Classification Of The Nonlinear Dynamics Of Ultrasonically Excited Bubbles And Their Effect On The Acoustical Properties Of The Medium: Theory, Experiment And Numerical Simulations
thesisposted on 26.10.2021, 17:37 by AJ Sojahrood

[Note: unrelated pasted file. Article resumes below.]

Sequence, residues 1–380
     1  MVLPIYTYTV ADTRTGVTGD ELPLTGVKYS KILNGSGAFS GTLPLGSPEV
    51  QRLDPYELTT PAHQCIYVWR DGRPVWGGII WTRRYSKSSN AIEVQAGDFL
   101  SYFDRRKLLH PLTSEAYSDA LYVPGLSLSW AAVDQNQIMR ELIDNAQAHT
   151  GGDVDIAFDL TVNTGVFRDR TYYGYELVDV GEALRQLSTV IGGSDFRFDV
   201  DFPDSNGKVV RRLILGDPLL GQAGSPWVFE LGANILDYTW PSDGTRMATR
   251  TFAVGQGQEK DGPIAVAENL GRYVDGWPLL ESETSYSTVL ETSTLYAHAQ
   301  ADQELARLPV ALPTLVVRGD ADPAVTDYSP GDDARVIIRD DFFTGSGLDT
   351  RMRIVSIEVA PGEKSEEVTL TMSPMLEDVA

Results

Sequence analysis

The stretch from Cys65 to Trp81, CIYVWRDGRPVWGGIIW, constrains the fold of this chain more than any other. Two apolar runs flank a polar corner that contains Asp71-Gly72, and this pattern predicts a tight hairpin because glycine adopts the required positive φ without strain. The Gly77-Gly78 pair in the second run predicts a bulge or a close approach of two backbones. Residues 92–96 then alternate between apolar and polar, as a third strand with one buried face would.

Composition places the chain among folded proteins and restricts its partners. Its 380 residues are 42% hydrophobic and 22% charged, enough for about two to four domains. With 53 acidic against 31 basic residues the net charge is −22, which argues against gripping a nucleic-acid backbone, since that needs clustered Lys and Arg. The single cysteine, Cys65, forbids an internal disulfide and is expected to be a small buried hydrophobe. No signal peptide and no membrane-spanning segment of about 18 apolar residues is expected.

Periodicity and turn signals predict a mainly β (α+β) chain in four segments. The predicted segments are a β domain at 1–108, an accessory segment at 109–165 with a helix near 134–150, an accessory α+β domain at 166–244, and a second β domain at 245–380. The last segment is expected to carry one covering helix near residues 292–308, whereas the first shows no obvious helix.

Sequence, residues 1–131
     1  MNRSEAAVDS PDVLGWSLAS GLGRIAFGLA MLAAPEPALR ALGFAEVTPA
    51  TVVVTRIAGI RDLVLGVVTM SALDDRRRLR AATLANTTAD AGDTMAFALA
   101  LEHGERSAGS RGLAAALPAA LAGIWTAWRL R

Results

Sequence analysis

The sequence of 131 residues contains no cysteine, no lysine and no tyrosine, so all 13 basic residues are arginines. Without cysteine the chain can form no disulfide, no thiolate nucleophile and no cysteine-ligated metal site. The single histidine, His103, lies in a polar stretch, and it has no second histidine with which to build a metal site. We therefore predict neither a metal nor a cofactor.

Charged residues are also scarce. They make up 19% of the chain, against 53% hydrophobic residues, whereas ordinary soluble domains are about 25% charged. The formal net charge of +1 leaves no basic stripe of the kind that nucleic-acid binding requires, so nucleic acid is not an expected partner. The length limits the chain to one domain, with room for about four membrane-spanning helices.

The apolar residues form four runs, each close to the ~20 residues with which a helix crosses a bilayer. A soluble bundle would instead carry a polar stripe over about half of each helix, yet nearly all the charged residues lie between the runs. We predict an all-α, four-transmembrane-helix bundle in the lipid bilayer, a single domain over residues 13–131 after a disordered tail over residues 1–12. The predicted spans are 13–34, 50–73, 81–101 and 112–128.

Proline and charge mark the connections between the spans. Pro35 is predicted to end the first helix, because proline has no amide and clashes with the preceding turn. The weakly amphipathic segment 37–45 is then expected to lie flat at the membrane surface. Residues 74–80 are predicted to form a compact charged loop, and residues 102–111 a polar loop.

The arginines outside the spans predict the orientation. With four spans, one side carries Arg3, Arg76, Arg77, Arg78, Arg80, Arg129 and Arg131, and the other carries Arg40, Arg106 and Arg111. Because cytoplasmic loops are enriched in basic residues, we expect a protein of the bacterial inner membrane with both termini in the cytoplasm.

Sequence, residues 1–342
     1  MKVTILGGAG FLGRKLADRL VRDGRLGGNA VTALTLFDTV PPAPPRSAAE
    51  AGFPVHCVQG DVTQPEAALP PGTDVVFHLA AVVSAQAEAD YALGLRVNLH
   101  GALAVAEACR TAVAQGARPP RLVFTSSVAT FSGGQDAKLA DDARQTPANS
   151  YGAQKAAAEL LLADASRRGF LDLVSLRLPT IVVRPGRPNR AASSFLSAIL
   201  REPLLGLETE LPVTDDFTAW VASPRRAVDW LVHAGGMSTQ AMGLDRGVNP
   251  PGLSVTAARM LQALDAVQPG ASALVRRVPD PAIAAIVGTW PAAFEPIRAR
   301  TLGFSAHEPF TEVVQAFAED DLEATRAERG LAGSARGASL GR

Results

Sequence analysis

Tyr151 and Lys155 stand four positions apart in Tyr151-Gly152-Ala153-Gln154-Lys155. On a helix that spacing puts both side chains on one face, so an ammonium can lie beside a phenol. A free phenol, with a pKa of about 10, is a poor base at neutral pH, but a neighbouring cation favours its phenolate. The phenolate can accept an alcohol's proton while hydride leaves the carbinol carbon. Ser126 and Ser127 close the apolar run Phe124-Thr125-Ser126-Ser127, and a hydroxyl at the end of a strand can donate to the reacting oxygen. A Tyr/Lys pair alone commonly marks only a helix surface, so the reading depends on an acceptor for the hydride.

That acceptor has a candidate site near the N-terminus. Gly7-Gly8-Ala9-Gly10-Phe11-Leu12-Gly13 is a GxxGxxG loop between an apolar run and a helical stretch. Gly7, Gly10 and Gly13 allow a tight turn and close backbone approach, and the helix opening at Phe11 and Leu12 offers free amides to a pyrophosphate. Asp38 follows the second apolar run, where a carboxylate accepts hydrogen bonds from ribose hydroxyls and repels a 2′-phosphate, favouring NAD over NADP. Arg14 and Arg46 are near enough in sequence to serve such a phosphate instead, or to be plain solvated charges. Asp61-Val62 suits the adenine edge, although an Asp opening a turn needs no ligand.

Acoustically excited microbubbles (MBs) are the building blocks of several applications as diverse as underwater acoustics to sonochemistry and medicine. MBs are used in numerous diagnostic and therapeutic procedures. MBs dynamics are complex and nonlinear. Moreover, the presence of the MBs in a medium changes the medium’s attenuation and sound speed. The changes are nonlinear and depend on the complex MB dynamics. Within this complexity lies great potential for applications. For instance, the nonlinear response of MBs is used to increase the contrast to tissue ratio in imaging. Achieving the full potential of MBs in applications requires not only understanding the MB behavior, but also a detailed knowledge on the effect of the MBs pulsations on the medium acoustical properties. For instance, increased attenuation due to MBs in the ultrasound beam path limits the focal ultrasound energy which can reach a target. In this work, nonlinear MB dynamics are studied with unprecedented detail over wide ranges of ultrasound exposure parameters. Methods of nonlinear dynamics and chaos including bifurcation diagrams and resonance curves are used to visualize the results. In tandem, the scattered pressure from single bubble oscillations was experimentally investigated. Nonlinear dynamics of the MBs is classified both experimentally and numerically. We show, for the first time, that higher order subharmonic oscillations can be generated at very low acoustic pressures (e.g. 1kPa) in the oscillations of the lipid coated MBs. We address one of the open problems in acoustics by developing a comprehensive model to calculate the nonlinear attenuation and sound speed of bubbly media. Unlike current models, our new model is not limited by any linear or semi-linear approximations. The predictions of the model are verified by comparing it to other simplified models and experimental observations in bubbly media. We show, for the first time, the numerical and experimental evidence of the pressure dependent sound speed in bubbly media. The nonlinear attenuation and sound speed of the bubbly media are classified over a large range of acoustic exposure parameters. The classified regimes are then used to engineer the attenuation of a bubbly medium, during which ultrasound can pass through a highly dissipative bubbly medium with minimum loss.